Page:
Six bodies found in parking lot in Mexico’s Sinaloa state

09/25/16 Reuters

The bodies of five men and a woman were found in the northwestern Mexican state of Sinaloa, home turf of captured drug lord Joaquin “El Chapo” Guzman, state prosecutors said on Sunday.

The corpses were found at dawn in a parking lot in the Pacific port of Mazatlan, said Guadalupe Martinez, a spokesman for the state attorney general’s office in Sinaloa. He could not say how the victims died.

It also was unclear whether the deaths were related to conflicts between Guzman’s Sinaloa Cartel and rival gangs in the state, where violence has crept up again in recent months.

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What’s next for Mexico’s drug cartels after El Chapo

08/25/16 CNN

el chapo
Joaquín “El Chapo” Guzmán

(CNN)As Joaquin “El Chapo” Guzman awaits extradition to the United States, he leaves behind what appears to be a new landscape for Mexico’s drug cartels.

Last week, his son, Jesus Alfredo Guzman, was kidnapped by men authorities believe were members of a rival cartel. Sources tell CNN he was released Saturday, but his abduction signals that the game of thrones for Mexico’s next top drug cartel has already begun.

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‘El Mencho’ Targeting Weakened ‘El Chapo’ in Mexico Drug Battle?

08/18/16 InSight Crime 

Authorities in Mexico have confirmed the CJNG drug trafficking group was responsible for the recent kidnapping of the son of the Sinaloa Cartel‘s incarcerated leader, Joaquín “El Chapo” Guzmán, an indication the CJNG’s top boss may be looking to supplant the fallen kingpin.

El Chapo’s son, Alfredo Guzman, and six others were kidnapped from an upscale restaurant on August 15 in Puerto Vallarta, Jalisco.

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Legend of escaped Mexican kingpin Guzman grows in drug heartland

7/17/15 Reuters

ElChapoIn the days since Joaquin “El Chapo” Guzman turned a grubby corner of his prison cell into an escape hatch to freedom, the notorious drug lord’s legend has soared to new heights in the gang-infested landscape of his home turf.

Hailed by supporters in the northwestern state of Sinaloa as a man with more heft than the president, Guzman’s audacious breakout from a maximum security prison on Saturday night through a tunnel that surfaced in his shower has all but guaranteed his immortality in global crime-lore.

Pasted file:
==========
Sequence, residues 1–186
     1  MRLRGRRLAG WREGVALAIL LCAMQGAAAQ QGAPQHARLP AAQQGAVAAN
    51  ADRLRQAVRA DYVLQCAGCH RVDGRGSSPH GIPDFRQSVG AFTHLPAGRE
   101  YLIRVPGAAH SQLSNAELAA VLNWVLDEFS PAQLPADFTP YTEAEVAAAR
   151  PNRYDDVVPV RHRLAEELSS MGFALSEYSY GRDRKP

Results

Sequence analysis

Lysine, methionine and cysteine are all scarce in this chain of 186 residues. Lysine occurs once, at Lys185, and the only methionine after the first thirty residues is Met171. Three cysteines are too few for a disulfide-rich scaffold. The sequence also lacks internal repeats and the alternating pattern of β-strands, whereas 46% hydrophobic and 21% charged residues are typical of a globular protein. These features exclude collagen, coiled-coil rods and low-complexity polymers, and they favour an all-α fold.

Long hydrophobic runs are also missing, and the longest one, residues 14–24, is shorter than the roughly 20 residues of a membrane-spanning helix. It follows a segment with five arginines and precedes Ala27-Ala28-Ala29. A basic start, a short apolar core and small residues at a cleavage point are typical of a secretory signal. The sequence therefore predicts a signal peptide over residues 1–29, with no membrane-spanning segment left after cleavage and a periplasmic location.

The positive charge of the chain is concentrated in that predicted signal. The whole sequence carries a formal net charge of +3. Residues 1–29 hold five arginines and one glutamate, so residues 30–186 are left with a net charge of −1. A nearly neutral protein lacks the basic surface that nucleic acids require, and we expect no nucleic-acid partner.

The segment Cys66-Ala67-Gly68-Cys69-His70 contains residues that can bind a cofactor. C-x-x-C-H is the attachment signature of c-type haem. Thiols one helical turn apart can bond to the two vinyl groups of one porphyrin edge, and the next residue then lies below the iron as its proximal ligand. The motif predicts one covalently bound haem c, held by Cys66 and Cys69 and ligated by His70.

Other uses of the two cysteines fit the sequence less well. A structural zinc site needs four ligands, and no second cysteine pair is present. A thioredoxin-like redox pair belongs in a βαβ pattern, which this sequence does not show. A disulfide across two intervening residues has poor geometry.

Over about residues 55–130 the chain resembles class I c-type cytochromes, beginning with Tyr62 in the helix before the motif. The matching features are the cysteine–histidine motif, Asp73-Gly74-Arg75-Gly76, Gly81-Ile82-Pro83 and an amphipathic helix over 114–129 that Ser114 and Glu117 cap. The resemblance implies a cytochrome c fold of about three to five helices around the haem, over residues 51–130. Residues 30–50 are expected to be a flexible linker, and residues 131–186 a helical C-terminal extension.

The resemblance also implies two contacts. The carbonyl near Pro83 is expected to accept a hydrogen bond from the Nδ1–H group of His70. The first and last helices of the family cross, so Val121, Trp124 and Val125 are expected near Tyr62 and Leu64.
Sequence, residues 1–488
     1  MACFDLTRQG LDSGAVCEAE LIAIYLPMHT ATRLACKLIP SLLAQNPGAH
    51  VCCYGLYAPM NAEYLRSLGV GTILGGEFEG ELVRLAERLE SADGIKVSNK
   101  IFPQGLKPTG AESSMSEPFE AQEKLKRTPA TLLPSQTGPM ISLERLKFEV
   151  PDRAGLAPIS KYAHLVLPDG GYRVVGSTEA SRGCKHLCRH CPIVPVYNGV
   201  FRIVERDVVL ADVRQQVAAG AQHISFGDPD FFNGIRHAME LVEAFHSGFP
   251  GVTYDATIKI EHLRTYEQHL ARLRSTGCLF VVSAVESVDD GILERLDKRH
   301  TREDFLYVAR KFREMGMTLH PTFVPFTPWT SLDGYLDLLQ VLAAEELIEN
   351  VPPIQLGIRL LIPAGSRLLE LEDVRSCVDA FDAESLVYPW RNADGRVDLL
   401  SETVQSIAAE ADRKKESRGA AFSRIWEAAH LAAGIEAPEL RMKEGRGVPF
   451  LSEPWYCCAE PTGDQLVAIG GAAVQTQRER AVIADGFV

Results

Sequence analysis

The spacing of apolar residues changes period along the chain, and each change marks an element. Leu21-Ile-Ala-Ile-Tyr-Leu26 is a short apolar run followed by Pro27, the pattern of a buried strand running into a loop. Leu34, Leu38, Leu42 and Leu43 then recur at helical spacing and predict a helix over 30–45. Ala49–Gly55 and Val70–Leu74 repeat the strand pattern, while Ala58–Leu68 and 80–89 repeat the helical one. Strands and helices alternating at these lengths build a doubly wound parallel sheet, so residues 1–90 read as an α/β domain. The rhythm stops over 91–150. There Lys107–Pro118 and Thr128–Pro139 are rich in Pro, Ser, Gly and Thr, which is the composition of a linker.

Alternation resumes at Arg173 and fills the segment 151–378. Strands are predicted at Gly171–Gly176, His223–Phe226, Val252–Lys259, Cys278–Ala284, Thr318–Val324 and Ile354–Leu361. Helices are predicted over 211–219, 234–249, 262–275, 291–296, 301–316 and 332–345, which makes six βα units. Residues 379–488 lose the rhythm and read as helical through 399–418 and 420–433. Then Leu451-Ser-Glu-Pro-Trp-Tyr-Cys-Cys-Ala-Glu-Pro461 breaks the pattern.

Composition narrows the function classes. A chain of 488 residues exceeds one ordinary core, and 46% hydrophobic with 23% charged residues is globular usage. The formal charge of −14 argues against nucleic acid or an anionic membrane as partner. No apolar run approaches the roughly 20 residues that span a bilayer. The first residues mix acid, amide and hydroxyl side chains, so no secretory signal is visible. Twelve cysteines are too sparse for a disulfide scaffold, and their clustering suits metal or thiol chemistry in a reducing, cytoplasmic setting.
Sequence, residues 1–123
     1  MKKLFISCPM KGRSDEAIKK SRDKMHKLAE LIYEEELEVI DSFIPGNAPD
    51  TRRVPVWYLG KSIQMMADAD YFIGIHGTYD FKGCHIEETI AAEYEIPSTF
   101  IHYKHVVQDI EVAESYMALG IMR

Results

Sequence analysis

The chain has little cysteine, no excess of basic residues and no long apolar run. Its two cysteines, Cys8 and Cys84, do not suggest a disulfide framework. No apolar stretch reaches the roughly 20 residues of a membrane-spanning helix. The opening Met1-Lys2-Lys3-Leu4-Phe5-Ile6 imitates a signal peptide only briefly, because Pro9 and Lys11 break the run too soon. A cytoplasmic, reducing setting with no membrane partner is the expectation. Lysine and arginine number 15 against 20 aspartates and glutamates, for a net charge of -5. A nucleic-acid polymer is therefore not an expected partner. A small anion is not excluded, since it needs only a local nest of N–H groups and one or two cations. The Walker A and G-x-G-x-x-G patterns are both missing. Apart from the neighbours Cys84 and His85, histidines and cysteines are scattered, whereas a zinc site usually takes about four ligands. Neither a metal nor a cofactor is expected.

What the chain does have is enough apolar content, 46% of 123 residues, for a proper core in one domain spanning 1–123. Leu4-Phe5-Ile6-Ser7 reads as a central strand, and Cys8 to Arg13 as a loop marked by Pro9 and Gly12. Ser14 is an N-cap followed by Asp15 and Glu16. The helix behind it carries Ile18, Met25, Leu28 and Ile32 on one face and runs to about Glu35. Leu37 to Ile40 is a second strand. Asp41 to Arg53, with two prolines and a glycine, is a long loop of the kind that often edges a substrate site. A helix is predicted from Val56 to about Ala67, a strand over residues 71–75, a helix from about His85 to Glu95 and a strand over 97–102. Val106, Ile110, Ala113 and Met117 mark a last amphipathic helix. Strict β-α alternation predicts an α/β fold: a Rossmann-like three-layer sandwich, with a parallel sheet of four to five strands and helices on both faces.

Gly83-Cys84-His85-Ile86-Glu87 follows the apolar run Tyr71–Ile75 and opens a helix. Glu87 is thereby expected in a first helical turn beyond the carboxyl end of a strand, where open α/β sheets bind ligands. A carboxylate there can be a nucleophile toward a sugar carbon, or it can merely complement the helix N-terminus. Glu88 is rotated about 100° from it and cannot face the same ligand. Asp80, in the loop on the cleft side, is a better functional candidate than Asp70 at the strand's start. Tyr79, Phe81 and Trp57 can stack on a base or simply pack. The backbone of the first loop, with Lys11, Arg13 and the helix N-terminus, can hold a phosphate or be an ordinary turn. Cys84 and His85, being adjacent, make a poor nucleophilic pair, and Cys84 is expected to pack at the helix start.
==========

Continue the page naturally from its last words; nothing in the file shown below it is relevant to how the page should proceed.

News that Sinaloa’s most famous son had cut short his prison stay before the government had even announced it spread on social media in Sinaloa’s state capital Culiacan, locals said.

“Everybody wanted him to be out of prison. He helped a lot of people,” said Jaime Carrillo, 39, drummer of BuKnas de Culiacan, a U.S.-Mexican band that plays narcocorridos, a style of music that venerates the gore and glamour of the drug lords.

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Mexican Drug Cartels Reportedly Expand Business to Australia

09/23/14 Breitbart

heroin_powderMembers of the Sinaloa Federation, one of the most powerful and dangerous cartels from Mexico, have reportedly set up shop in Australia. A lucrative drug market has been growing in Australia during recent years, and Sinaloa members have been taking advantage of it by selling large amounts of hard narcotics like cocaine and heroin.

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Sinaloa, one of Mexico’s most violent states, limits crime coverage

08/01/14 Los Angeles Times

censorshipIn one of Mexico’s most violent states, it is now illegal, essentially, for reporters to cover the violence.

New laws in Sinaloa, home to Mexico’s most powerful drug cartel and where kingpin Joaquin “El Chapo” Guzman sheltered for years, bar journalists from fully reporting news about crime.

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Tracing the U.S. heroin surge back south of the border as Mexican cannabis output falls

marijuana leafThe Washington Post, 4/6/14

The surge of cheap heroin spreading in $4 hits across rural America can be traced back to the remote valleys of the northern Sierra Madre. With the wholesale price of marijuana falling — driven in part by decriminalization in sections of the United States — Mexican drug farmers are turning away from cannabis and filling their fields with opium poppies.

Mexican heroin is flooding north as U.S. authorities trying to contain an epidemic of prescription painkiller abuse have tightened controls on synthetic opiates such as hydrocodone and OxyContin. As the pills become more costly and difficult to obtain, Mexican trafficking organizations have found new markets for heroin in places such as Winchester, Va., and Brattleboro, Vt., where, until recently, needle use for narcotics was rare or unknown.

Farmers in the storied “Golden Triangle” region of Mexico’s Sinaloa state, which has produced the country’s most notorious gangsters and biggest marijuana harvests, say they are no longer planting the crop. Its wholesale price has collapsed in the past five years, from $100 per kilogram to less than $25.

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